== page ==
Continue reading

Stephen Stills: Thoroughfare Gap (1978)

Kronomyth 9.0: DISCO JOCKEY. This is as close as Stephen Stills has come to making a disco album, which is probably enough to seal its fate as an also-ran in his catalog. Yet behind the string arrangements, punchy rhythms and backing vocals (which feature the up-and-coming Andy Gibb) is the usual strong songwriting from Stephen. In fact, I might give Thoroughfare Gap the nod over his other Columbia records, which is as good as a wink to a blind horse. “Can’t Get No Booty” is the funniest song Stills has ever recorded (okay, so it’s a short list) and should have been a hit, especially given the success Joe Walsh was having with “Life’s Been Good.” On most of the record, Stills strikes a good balance between high-gloss production and guitar-driven rock (e.g., “What’s The Game,” “Lowdown”). He mixes it up with the usual polyglot pop (“Woman Lleva,” “Beaucoup Yumbo”), adds a nice acoustic number (“Thoroughfare Gap”) and even includes a couple (admittedly inferior) covers, “Midnight Rider” and “Not Fade Away.” Honestly, I didn’t expect much after the last few Stills albums, and the picture of him in a jockey’s uniform (a look that no one, not even Prince, could pull off) didn’t bode well. I was pleasantly surprised, then, to find that the music on Thoroughfare Gap wasn’t a case of Stills trying to work outside of his idiom, but rather to adapt his idiom to contemporary influences. Unfortunately, Columbia didn’t pick up his contract and Stills went silent during his pending divorce, resurfacing several years latter under the protective glyph of CSN.

Continue reading

Dave Mason: Ultimate Collection (1999)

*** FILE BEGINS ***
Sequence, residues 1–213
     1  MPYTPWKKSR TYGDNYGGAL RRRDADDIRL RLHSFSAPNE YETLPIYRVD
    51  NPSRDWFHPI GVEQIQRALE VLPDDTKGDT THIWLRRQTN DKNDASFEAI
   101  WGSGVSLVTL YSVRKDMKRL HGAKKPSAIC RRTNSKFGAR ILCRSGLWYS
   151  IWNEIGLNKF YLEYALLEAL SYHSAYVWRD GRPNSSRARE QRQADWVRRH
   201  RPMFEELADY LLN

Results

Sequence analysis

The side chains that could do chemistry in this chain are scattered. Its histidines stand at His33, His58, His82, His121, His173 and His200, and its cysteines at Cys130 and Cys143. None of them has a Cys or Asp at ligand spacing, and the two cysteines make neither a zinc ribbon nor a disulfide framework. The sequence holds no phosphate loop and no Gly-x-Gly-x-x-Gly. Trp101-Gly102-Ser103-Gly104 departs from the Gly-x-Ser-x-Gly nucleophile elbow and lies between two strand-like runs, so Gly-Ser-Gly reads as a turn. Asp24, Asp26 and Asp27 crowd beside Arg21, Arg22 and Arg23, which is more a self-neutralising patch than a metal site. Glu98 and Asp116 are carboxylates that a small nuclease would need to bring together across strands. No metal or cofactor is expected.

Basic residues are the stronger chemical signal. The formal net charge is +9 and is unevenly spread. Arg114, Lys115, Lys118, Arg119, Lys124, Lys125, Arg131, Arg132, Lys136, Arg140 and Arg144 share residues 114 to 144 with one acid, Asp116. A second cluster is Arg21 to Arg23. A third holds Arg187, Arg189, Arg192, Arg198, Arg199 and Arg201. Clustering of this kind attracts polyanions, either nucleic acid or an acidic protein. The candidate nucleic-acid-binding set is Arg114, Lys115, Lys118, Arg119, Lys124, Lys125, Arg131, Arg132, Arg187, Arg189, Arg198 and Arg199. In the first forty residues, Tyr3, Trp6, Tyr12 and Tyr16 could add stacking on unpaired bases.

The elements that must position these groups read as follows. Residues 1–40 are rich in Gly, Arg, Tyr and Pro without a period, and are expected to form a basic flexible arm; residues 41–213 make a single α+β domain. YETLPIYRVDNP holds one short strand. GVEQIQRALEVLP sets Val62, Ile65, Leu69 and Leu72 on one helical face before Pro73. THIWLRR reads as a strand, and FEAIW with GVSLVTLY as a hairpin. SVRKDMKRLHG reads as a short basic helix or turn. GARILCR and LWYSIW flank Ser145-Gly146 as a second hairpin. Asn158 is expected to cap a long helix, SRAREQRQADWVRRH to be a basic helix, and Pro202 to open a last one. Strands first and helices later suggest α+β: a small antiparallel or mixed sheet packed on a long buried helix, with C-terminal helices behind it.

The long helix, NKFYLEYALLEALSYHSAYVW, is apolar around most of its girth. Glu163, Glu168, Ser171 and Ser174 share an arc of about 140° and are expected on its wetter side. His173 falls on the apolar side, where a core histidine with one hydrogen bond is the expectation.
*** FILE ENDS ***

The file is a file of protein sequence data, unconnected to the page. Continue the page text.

Kronomyth 16.3: HAVEN’T WE ULTIMATE BEFORE? Hip-O Records has released some excellent compilations over the years and this isn’t one of them. The double-disc Gold treatment showered on Pete Townshend—now that’s how it should be done. Instead, Ultimate Collection lingers too long at Alone Together, ignores important singles like “Will You Still Love Me Tomorrow” and “Save Me,” and digs into Traffic’s tomb for three tracks. The Traffic stop doesn’t bother me so much as, say, putting a Who song on a Townshend compilation (which Hip-O wisely avoided on the aforementioned Gold), because the early Traffic albums were essentially combined solo albums by Mason and Winwood. I’m sure the world wouldn’t end if a Dave Mason compilation didn’t contain “Feelin’ Alright” either. The most egregious error anyway is the inclusion of “Two Hearts” at the end. Maybe the temptation to reconcile Mason with his past was too strong, but the title track from his 1987 album ends the disc on a sour and disjointed note. Mason is further confined by chronology on Ultimate Collection; I think the disc would have benefited by spreading the early, sweet stuff around. Working a song like “Baby… Please” or “Satin Red And Black Velvet Woman” sooner into the mix would have shaken things up nicely and, as was the case with Townshend’s Gold, added some much-needed contrast to his earlier tracks. No complaints with the liner notes (William Ruhlmann is alright in these parts) or the generous 17-track helping from a single platter. Ultimately, though, this is just another in a long line of underwhelming Dave Mason collections, one that inexplicably ignores entire albums like Old Crest, Split Coconut and Mariposa (Some Assembly really isn’t required).

Continue reading